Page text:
In Mt. Hawley Insurance Co. v. Slay Engineering, et al.,1 a Texas federal court ruled in favor of a general contractor, finding that its insurer had a duty to defend it in a construction defect case filed by the owner. The decision adds more clarity to the interpretation of the subcontractor exception to the “Damage to Your Work” exclusion as well as the Breach of Contract exclusion, which has been the subject of several cases coming out of Texas over the past decade.
The coverage dispute between the general contractor, Huser Construction Company Inc., and its insurer, Mt. Hawley Insurance Company, arose from construction defect litigation involving a faulty swimming pool and the adjacent parking lot in a municipal sports complex for the City of Jourdanton. The complaint against Huser included breach of contract and negligence claims and alleged, among other things, defective work performed by Huser as well as its subcontractors and suppliers. Specifically, the City alleged substantial cracks in the swimming pool, parking lot, and deficient site drainage. Huser tendered the claim to Mt. Hawley, who denied both defense and indemnity and filed a declaratory judgment lawsuit against its insured.
The Mt. Hawley policies at issue contain industry standard provisions, requiring property damage caused by an occurrence and obligating the insurer to defend covered occurrences. Texas follows the majority of states in finding defective construction to be an occurrence. See SDV 50 State Survey. The Policies also contained two exclusions that Mt. Hawley cited in its denial of coverage: (1) the “Damage to Your Work“ exclusion, which bars coverage for property damage to Huser’s work, but contains an exception for work performed by a subcontractor; and (2) an endorsement which barred coverage for property damage arising directly or indirectly out of a breach of “express or implied contract, breach of express or implied warranty, or fraud or misrepresentation regarding the formation, terms or performance of a contract.”
Mt. Hawley argued that the Breach of Contract Exclusion eliminated coverage for Huser because all of the City’s allegations arose from the contract. The Court disagreed, concluding that the exclusion did not bar coverage for damages caused by Huser’s subcontractors. The Court adopted the analysis from a California case, Mt. Hawley Ins. Co. v. Aguilar,2 which interpreted the same exclusion in a similar Mt. Hawley policy. The Court found that the “directly or indirectly” and “arising out of” language required Mt. Hawley to demonstrate that Huser's breach of contract was a “but for” (though not necessarily proximate) cause of the alleged property damage. Notably, in Texas, when two separate events (one excluded and one covered) may independently have caused the accident, the general liability policy must provide coverage despite the exclusion. The fact that the construction defect allegations had some relation to Huser's contract with the City or that Huser had been sued for breach of contract were insufficient to trigger the Breach of Contract exclusion. Because there could have been an independent cause of the property damage other than Huser’s breach of contract (e.g., the negligence of its subcontractors), the exclusion did not bar coverage.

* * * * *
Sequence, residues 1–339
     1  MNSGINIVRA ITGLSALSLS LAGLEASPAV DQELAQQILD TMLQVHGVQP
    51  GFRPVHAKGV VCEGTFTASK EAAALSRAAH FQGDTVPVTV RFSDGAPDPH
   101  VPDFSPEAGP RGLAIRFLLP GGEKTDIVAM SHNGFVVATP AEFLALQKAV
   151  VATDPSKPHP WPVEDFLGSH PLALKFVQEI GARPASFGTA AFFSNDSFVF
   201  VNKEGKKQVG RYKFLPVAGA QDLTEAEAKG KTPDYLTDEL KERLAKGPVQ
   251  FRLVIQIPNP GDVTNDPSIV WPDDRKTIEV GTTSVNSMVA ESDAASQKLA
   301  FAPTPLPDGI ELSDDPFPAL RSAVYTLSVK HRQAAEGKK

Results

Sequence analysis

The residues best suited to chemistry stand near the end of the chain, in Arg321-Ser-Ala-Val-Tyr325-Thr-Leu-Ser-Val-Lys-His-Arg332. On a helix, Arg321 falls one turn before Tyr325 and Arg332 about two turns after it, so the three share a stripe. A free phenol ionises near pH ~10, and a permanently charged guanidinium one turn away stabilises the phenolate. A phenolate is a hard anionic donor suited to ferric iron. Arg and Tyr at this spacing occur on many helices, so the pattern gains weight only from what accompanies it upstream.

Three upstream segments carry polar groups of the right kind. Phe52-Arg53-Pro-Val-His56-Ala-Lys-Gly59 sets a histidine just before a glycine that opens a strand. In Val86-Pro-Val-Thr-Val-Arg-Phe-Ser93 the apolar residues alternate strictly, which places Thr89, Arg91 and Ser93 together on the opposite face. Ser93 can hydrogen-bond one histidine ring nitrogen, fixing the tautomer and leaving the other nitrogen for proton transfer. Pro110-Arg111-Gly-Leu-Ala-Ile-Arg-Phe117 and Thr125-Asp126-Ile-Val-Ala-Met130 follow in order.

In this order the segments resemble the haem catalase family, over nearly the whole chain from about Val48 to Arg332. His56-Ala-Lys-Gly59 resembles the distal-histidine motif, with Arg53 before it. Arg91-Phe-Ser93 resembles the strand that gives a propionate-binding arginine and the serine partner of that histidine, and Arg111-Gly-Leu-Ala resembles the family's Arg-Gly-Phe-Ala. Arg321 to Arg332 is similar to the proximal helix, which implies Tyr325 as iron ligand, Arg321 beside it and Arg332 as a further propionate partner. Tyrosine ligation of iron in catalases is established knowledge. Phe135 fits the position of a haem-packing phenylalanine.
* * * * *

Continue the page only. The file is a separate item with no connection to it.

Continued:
In addition, Mt. Hawley argued that the “subcontractor exception” to the Damage to Your Work exclusion was eliminated by the Breach of Contract exclusion in that all subcontractors’ work was incidentally related to Huser’s breach of contract. Huser argued, and the Court agreed, that such an interpretation would be improper as it would require the Court to read the subcontractor exception out of the policy. For this conclusion, the Court again relied on the court’s analysis from the Aquilar case where Mt. Hawley made the same argument. Here, the Court elaborated that the Breach of Contract exclusion cannot be interpreted to encompass all work incidentally related to the project. If interpreted that way, it would render the subcontractor exception to the Damage to Your Work exclusion meaningless and also improperly require the Court to resolve any ambiguity in favor of the insurer.
The Court ultimately found that Mt. Hawley was required to defend Huser because the complaint contained claims which could “potentially be covered,” which is the standard in Texas for triggering the duty to defend. In its rationale, the Court stated that because the City’s complaint alleged defective work performed by Huser as well as its subcontractors and suppliers, the allegations that these other entities are responsible for the allegedly defective work and resulting damage suggest the property damage may have occurred even in the absence of a breach of contract by Huser.
This case provides a helpful clarification that Texas construes breach of contract exclusions narrowly and reaffirms that the subcontractor exception to the Damage to Your Work exclusion cannot be read out of the policy.
SDV will keep you updated regarding trends in construction related policyholder coverage cases.